Presidential campaigns are always in search of elusive swing-state votes and valuable donor pools. Adopting a coherent space policy would deliver on both. Last week’s explosion of a SpaceX Falcon 9 rocket and a satellite that held Facebook’s dreams of African Internet coverage presented the perfect opportunity. Yet Americans heard nothing from Hillary Clinton or Donald Trump.
The loss of an unmanned rocket is hardly noteworthy — nearly 10 percent of space launches fail — but the dramatic video of the explosion dominated the Internet, because Americans love a good explosion and are fascinated by the prospect of commercial space travel. Some 50 years after “Star Trek” premiered, our faith in humankind’s bright future among the stars, the allure of space still crosses boundaries of politics, class and race. While John F. Kennedy and Ronald Reagan both wielded the powerful leverage of this positive shared vision, our current presidential candidates foolishly eschew it in favor of intractable and divisive issues.
Americans understand that our space dollars are well spent: 68 percent of us hold a favorable view of NASA (just 17 percent unfavorable). The Space Race gave us the Internet and a plethora of other astoundingly valuable technological contributions from solar power to medical telemetry. The annual economic returns from the Global Positioning System satellite constellation outweigh our combined civilian and military space spending. Yet NASA’s 0.45 percent of the federal budget is in decline.
Space is cool: My students turn down offers at Google to work for less at SpaceX and, because it is promising, venture capitalists invest serious money in new space firms. Americans admire entrepreneurs such as Elon Musk (SpaceX), Richard Branson (Virgin Galactic) and Jeff Bezos (Blue Origin). Though each of their space firms has suffered vehicle losses, they’ve not paused in their quest to get us into space. SpaceX, based in Hawthorne (Los Angeles County), employs 5,000 people and has recaptured the commercial launch market that the U.S. had abandoned to foreign competitors.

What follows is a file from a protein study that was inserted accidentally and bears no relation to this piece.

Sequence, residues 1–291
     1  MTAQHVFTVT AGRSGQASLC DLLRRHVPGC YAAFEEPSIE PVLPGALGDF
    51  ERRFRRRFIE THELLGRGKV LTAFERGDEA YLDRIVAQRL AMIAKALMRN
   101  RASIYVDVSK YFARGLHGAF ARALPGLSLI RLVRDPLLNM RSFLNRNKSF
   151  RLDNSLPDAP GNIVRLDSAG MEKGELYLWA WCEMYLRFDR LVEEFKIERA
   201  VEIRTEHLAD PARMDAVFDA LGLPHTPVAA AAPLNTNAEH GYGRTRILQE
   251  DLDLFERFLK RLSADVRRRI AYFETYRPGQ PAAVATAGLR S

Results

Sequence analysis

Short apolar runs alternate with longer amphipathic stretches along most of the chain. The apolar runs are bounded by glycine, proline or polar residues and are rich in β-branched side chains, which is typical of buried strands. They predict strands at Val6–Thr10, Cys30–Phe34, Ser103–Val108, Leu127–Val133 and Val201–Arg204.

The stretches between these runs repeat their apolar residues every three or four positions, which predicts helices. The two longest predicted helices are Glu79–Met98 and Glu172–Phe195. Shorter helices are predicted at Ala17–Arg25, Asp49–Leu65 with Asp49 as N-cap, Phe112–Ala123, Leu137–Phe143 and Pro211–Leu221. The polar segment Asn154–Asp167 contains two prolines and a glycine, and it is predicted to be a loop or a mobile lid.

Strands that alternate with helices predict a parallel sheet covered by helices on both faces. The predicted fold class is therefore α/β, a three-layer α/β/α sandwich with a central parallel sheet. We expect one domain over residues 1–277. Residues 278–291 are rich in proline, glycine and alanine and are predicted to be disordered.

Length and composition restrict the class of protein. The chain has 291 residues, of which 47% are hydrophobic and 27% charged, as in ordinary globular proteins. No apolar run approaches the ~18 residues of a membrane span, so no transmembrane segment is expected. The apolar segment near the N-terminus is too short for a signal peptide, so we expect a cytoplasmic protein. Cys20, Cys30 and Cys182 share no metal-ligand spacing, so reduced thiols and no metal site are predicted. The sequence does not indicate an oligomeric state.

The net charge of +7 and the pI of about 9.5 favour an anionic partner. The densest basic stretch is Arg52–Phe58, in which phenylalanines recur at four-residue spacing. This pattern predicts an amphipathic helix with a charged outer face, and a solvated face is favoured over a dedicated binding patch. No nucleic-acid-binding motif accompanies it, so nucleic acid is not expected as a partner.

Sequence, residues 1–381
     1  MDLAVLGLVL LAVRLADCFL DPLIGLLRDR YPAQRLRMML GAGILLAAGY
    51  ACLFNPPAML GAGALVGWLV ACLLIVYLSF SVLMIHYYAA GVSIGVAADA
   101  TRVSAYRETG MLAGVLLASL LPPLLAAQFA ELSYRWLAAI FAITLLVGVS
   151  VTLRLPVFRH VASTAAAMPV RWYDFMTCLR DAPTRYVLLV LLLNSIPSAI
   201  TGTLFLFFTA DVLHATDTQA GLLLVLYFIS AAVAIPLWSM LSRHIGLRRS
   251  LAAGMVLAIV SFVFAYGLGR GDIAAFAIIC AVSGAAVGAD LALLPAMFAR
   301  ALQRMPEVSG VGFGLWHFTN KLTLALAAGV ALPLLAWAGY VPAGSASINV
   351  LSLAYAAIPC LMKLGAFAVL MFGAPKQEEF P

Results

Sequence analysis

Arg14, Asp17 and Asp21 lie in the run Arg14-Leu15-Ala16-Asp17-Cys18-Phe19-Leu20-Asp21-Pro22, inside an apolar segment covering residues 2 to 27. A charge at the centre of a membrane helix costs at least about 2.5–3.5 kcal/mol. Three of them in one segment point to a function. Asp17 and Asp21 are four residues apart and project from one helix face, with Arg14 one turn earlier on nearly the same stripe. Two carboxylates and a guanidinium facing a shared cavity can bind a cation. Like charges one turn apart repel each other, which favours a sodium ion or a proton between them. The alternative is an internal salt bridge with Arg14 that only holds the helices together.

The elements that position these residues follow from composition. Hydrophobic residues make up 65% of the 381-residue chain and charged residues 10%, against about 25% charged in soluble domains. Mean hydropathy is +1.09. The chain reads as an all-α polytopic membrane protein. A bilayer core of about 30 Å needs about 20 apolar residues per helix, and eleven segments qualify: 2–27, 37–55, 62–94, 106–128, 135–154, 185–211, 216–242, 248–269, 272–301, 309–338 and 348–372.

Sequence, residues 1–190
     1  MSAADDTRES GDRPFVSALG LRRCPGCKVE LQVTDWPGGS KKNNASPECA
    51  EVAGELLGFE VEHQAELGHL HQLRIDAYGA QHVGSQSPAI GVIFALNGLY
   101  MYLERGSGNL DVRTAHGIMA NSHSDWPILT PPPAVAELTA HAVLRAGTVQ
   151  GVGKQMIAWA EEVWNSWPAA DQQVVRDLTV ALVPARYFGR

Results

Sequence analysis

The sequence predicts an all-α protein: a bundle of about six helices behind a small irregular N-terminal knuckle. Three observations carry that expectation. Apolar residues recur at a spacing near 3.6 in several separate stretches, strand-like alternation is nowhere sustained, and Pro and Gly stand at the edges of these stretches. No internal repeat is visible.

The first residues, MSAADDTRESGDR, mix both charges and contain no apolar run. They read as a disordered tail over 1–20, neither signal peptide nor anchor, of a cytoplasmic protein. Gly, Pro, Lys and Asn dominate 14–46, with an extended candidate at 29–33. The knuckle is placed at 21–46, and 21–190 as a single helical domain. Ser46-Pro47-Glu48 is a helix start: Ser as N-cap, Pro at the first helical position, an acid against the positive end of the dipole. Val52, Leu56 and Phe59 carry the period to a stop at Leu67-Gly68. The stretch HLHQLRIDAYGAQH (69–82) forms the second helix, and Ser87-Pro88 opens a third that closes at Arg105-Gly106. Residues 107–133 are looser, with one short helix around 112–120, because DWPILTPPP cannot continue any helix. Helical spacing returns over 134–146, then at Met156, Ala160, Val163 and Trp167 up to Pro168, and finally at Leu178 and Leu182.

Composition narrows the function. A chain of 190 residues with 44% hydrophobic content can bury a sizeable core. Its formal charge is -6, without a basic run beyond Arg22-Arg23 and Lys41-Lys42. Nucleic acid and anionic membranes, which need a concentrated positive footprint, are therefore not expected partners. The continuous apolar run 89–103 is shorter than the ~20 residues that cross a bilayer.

An image from a webcam from NASA’S Kennedy Space Center, shortly after a reported explosion at a SpaceX launch site Thursday morning. (NASA)
Sadly, our presidential candidates haven’t boarded this rocket. Aerospace America magazine offered the candidates a forum to share their aerospace policies. The Clinton campaign did not participate. Trump’s responses were short, generic and uninformed. (Bernie Sanders’ were detailed and well informed.) Neither major candidate’s “issues” page mentions space.
Googling “Clinton space policy” reveals a vacuum. Clinton once answered a town hall question with, “I really, really do support the space program.” She’s also committed to finding the truth about UFOs, but it’s totally unclear where she might send our astronauts. The Democratic Party platform contains a single paragraph vaguely promising support for exploration but ignores commercial space activities, something President Obama firmly supports.
(FILES) This file photo taken on April 06, 2016 shows Space X’s Falcon 9 rocket lifting off with an unmanned Dragon cargo craft from the launch platform in Cape Canaveral, Florida. A SpaceX Falcon 9 rocket exploded on September 1, 2016, on the launch pad at Cape Canaveral in Florida during a test, destroying it and its payload, the private space firm said. “Per standard procedure, the pad was clear and there were no injuries,” SpaceX said in a statement. / AFP PHOTO / BRUCE WEAVERBRUCE WEAVER/AFP/Getty Images
Searching “Trump space policy” produces mysterious signals. The GOP candidate offered, “Honestly, I think NASA is wonderful!” but also “Right now, we have bigger problems. … We have to fix our potholes.” He has compared America’s status in space to that of “a third-world nation” but also remarked, “Space is actually being taken over privately, which is great.” The Republican Party platform briefly supports public-private space partnerships.
Clearly backing the commercial space industry and boldly committing to concrete public space exploration goals would score votes in Florida and raise dollars in California. I encourage the candidates to channel Kennedy or Reagan and speak boldly on a topic that voters and billionaires both love.
Greg Autry, an assistant professor of business with the Lloyd Greif Center for Entrepreneurial Studies at the University of Southern California, researches commercial spaceflight.